The de facto nationalisation of Britain’s railways is closer to being officially recognised after the national statistics watchdog launched a review to consider counting the operators’ debts on the government balance sheet.
The technical reclassification has prompted concern among rail executives who are anxious for the government to commit to a public-private partnership over the longer term.
The Office for National Statistics said its decision was prompted by the government agreeing in March to rescue the sector through the Covid-19 pandemic with a six-month package that effectively underwrote any losses.
The rail companies have already received £3.5bn of taxpayer support. Ministers are now considering a further rescue package to help them survive through to late 2021 amid expectations of subdued passenger numbers for months ahead.
“ONS is reviewing the classification status of train operating companies following the creation of emergency measures agreements between them and the government,” a spokesman told the Financial Times, adding that the assessment would be completed as soon as possible.
One rail industry executive told the Financial Times it would be a “danger” if the move was “dismissed as a technicality”.
“Rail is at a crossroads. The decisions that are taken in the next few weeks will set the direction of travel for the industry for the next decade in terms of the wider reform agenda,” he said. “What actually needs to be happening right now is the government boldly and confidently saying this is the direction of travel for a renewed public/private partnership.”
With passenger numbers still only a trickle, executives are increasing their demands for an extension of state support in order to give the government and industry time to assess passenger demand and consider proposals to overhaul the railways.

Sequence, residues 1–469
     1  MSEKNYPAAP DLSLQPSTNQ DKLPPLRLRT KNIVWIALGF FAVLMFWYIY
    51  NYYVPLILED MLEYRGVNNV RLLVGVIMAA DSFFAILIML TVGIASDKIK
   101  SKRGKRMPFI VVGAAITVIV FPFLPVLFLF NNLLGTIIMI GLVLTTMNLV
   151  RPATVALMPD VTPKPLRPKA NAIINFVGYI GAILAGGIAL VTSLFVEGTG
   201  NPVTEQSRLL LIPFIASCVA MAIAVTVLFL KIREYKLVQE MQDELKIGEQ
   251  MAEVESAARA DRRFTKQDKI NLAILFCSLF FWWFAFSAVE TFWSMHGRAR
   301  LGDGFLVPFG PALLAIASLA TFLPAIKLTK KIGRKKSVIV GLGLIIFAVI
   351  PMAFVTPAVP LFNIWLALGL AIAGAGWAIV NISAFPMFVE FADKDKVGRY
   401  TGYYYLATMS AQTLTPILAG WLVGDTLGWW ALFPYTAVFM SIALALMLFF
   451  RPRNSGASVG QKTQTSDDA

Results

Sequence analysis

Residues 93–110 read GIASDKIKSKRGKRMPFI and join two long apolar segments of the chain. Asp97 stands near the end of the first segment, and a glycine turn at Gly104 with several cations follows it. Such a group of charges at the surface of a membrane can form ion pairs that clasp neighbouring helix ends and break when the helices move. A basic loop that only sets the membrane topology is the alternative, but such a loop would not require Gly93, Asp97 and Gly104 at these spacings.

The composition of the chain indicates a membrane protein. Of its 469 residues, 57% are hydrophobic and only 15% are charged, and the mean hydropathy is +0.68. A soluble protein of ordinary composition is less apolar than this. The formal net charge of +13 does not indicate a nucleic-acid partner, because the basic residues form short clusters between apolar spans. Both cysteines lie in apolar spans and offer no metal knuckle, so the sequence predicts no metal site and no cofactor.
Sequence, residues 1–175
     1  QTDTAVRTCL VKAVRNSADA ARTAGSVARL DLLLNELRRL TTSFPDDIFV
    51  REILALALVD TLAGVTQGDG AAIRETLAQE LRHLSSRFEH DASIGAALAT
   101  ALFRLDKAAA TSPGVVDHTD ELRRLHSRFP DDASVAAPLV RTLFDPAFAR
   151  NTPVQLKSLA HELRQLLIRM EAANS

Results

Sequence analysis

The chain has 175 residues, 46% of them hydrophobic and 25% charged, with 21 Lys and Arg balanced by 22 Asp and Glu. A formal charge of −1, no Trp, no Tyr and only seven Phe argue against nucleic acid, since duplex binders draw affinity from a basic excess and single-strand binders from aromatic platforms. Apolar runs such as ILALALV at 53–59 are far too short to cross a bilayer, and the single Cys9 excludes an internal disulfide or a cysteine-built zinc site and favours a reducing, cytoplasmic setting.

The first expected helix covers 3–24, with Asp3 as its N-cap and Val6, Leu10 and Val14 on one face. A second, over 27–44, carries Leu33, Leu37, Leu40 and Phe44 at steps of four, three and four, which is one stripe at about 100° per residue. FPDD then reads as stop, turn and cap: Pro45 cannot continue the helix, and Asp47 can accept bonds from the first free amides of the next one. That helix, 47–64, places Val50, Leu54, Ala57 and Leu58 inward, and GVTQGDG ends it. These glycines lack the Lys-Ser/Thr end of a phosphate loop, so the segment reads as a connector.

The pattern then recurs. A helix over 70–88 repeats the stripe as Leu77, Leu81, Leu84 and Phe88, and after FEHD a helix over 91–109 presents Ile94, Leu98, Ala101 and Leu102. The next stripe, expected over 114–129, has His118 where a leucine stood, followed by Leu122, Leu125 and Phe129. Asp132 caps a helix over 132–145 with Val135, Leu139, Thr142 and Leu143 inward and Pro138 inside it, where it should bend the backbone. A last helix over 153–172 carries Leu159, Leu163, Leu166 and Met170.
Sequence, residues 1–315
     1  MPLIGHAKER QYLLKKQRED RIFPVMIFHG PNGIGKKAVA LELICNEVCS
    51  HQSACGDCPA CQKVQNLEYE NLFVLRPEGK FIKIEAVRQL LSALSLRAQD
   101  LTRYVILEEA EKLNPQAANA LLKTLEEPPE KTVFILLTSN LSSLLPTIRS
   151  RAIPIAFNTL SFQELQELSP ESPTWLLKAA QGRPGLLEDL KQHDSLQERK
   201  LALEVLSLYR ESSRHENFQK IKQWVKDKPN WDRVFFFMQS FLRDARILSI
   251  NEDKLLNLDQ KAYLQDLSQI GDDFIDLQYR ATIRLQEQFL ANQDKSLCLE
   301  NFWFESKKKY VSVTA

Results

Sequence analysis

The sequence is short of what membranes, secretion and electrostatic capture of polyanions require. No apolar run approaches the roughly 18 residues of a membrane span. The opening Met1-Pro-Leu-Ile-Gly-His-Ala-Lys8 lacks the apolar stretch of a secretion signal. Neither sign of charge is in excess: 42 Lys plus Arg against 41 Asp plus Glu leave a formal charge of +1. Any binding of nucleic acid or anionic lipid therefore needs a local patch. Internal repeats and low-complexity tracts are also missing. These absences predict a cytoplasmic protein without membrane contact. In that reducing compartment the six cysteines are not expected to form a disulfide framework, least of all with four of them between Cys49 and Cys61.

The government is prepared to meet that demand for a fresh 12-18 month “interim package” of support, Whitehall insiders said. “If it is rumbling on and there is a chronic fall in customers then there will need to be help to stabilise the system,” said one official.
On Wednesday, FirstGroup, which has contracts to run South Western Railway and Transpennine, warned there was “material uncertainty” over its ability to continue as a going concern over the next year because of a lack of clarity over state support and the pace of recovery in the sector.
Matthew Gregory, chief executive at FirstGroup, told the FT that “with passenger volumes where they are at the moment, we will have to have an extension in some form” of the emergency measures agreements.
“The reality is that we’re carrying between 10-15 per cent of the passengers we were carrying before,” he said. Mr Gregory said the sector needed to move forward from the crisis and implement a new system that worked for everyone.
Even before the pandemic the government had committed to overhauling the rail franchising system, with franchises replaced by flexible longer contracts, amid a crisis in the sector. The model for that type of management contract system would be the London Overground system.
In March, the government nationalised the Northern Rail franchise, having taken over the East Coast line in 2018. This was the first time two franchises had been in government hands since privatisation of the railways 30 years ago.
Those two lines will be the subject of a separate revision by the ONS next week, when they will appear in its “public sector finances” release.